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Solar System Sizing - Capacity Factor

2016 Views 45 Replies 14 Participants Last post by  saln
Just wondering if anyone has any real time information on what their solar array produces. Total panels vs average production. If you know your "sun hours" please let me know that also.

Short story long:
I started a renovation and wiring a house for my kid. It's gutted and I am starting from the studs. All new electrical including new incoming/meter/disconnect and a new 200A load center/breaker panel.

The goal at the house being renovated is to put most outlets and lighting to a transfer panel and run off an inverter, solar, and batteries most of the time. Larger 120 Vac loads like microwave, toaster oven, and bathrooms would normally be on grid power (and GFCI), unless there's a grid outage. If grid is down, appliances could be could be moved to "inverter" outlets, and use them selectively (so not to overload the inverter) from battery back up.

If grid is down, HVAC (mini splits), dryer, electric range and electric hot water are also down. Those loads are too big to even consider right now.

Sun hours for solar panels in NW PA is poor. Energy storage via batteries will be a big part of the system. System will not be grid tied.

I am questioning the calculation done with an online calculator. They recommend 4.5KW (4500 watts) of solar panels based on a winter "sun hours" of 2.64 hours/day. In the last 27 days, the sun has come out 6 days. Two of the six days was only for a couple hours in the late afternoon. Essentially four days of sun in the last 27. I know solar panels generate some power even with cloud cover. (10-25%?). A friend has 12,000 watts of solar. On one of the sunny days, they generated 20.2 Kwh.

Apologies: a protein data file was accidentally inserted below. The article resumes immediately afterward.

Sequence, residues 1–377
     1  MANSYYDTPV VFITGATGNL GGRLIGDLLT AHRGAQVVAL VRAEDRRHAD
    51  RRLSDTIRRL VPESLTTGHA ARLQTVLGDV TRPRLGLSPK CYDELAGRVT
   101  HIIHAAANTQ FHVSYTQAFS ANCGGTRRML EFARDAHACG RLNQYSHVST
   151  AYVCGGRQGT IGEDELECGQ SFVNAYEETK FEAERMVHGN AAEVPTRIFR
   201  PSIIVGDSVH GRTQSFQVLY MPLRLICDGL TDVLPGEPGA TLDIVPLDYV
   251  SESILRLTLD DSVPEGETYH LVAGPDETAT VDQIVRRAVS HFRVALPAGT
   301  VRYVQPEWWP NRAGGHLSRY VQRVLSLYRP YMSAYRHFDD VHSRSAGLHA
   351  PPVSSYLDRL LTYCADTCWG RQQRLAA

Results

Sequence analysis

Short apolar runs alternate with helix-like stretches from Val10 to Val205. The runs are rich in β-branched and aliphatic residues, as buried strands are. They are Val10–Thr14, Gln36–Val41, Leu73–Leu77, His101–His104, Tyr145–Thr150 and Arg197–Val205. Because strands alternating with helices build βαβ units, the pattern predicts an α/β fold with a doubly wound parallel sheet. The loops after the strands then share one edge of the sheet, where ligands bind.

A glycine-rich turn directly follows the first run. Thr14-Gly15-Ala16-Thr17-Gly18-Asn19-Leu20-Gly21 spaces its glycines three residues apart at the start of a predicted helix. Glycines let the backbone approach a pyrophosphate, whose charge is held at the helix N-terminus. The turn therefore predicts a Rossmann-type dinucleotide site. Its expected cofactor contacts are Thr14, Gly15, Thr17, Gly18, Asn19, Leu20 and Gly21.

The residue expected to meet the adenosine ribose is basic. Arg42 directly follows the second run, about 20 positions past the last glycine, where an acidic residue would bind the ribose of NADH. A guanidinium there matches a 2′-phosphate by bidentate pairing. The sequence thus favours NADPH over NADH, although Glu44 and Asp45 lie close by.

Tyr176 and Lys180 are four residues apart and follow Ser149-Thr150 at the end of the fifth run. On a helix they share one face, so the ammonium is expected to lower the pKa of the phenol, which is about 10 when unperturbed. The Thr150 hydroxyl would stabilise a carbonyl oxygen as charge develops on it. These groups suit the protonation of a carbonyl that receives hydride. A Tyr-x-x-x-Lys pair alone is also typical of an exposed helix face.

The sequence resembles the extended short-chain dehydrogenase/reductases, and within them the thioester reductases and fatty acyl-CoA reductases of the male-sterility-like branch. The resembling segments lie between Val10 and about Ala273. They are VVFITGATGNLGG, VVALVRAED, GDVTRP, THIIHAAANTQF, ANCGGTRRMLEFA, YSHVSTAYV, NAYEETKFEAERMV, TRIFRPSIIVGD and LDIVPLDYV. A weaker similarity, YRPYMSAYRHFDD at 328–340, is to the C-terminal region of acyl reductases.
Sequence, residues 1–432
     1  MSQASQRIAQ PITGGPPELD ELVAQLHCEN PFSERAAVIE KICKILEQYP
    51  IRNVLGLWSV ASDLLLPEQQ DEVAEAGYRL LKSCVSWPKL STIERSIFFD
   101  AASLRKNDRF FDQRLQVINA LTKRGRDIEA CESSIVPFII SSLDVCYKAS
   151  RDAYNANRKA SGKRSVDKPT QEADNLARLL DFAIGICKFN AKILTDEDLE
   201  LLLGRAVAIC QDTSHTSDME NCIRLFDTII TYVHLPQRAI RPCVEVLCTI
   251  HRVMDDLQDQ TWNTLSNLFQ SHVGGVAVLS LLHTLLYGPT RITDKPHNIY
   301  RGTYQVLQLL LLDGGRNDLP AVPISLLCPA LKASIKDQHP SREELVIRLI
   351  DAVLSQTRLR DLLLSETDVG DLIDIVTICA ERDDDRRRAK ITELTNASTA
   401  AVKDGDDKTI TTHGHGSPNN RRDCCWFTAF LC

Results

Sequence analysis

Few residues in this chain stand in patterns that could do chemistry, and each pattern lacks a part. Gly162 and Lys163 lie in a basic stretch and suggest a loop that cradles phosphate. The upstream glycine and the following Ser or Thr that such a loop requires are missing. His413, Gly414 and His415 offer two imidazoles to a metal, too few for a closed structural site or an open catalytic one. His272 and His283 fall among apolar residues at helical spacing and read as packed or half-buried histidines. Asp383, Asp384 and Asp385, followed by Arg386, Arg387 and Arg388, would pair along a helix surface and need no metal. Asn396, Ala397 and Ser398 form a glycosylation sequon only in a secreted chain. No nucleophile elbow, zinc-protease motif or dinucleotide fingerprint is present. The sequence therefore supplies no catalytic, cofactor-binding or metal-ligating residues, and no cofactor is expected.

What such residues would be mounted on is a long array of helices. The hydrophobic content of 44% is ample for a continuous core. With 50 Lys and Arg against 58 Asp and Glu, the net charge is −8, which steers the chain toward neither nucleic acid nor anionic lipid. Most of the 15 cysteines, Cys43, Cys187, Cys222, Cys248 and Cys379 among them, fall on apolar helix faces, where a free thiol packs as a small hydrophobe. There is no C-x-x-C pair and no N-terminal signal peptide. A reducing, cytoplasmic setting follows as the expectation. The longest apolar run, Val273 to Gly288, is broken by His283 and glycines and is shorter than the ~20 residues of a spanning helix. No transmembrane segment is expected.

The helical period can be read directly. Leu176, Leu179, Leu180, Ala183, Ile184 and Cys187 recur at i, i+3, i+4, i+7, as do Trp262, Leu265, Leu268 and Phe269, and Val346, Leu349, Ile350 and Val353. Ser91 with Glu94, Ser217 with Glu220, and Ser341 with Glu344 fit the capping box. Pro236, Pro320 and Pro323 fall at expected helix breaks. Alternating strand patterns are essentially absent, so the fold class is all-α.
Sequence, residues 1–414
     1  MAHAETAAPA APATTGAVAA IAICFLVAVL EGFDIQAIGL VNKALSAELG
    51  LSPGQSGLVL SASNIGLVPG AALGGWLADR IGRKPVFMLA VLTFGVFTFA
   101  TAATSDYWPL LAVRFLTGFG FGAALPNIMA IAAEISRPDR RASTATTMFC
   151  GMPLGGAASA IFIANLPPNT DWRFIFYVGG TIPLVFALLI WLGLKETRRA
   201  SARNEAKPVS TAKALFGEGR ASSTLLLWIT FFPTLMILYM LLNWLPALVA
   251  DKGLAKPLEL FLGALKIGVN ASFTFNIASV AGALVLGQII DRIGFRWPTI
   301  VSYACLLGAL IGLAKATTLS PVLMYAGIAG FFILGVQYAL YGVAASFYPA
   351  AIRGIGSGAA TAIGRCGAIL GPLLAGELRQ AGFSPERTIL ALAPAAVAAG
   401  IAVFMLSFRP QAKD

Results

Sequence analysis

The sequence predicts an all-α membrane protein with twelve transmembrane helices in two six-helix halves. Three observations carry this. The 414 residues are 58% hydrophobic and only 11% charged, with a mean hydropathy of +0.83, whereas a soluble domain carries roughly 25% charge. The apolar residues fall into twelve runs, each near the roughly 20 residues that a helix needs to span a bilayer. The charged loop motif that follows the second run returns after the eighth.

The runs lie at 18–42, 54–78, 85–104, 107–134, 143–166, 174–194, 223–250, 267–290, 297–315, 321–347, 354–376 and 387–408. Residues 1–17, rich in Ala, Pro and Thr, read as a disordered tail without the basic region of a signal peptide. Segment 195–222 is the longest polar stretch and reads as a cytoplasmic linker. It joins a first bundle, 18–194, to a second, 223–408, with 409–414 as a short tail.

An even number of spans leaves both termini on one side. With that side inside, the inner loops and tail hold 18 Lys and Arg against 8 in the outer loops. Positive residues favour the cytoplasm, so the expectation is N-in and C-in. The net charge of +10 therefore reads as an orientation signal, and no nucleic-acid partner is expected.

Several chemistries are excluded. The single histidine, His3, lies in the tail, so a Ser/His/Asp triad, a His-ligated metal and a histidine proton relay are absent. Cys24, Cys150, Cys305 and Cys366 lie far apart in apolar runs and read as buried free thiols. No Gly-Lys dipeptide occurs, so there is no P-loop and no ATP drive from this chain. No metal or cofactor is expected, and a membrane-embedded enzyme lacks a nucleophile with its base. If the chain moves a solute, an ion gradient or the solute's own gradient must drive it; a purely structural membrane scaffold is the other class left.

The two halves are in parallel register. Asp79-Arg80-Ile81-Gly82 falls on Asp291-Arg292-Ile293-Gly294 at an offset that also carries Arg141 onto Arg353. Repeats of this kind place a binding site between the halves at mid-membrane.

I think the 2.64 hours/day for my area is very optimistic. My AO is between Cleveland, Buffalo and Pittsburgh which are the #3,4, and 5 gloomiest places in the country.

What they recommend, I assume, is based on a "capacity factor" for my zip code. But I think they are a little low at 4500 watts of panels.

I may also need to rethink my battery back up (go to multiple commercial server rack batteries) and upgrade to 48vDC/120vAC inverter. Assuming no more than 3000 watt peak, and about 6000 watts/day.

Worst case-grid down, cold weather and on batteries:
Hours On per Day​
Watt Hours per Day​
Coffee Machine110000.2200
Fridge - 20 cu. ft. (AC)135341412
Toaster Oven112000.2240
TV - LCD11503450
Freezer - Chest - 15 cu. ft.127041080
Smart Phone- Recharge161060
Video Game Console11501150
Box Fan120061200
LED Bulb - 100 Watt Equivalent92351035
System Calculation Results​
Total watt hours per day6863
Killowatt Hours per Month:206 kWh
Peak Load: (4650 watts .....BUT selective/controlled use of electrical so not to exceed 3000 watts peak on a 3500 watt inverter when on battery power)4,650 watts
Sun Hours:2.64 hours/day
System Size:4.51 kW

I am not affiliated with this company but the information is from:

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Are you trying to cover most of the conveniences that electricity offers? When power is down, you cut back on anything that is not necessary to get thru the day.

A larger bank is good to focus on. This way it covers night time and the off days when sun is not producing.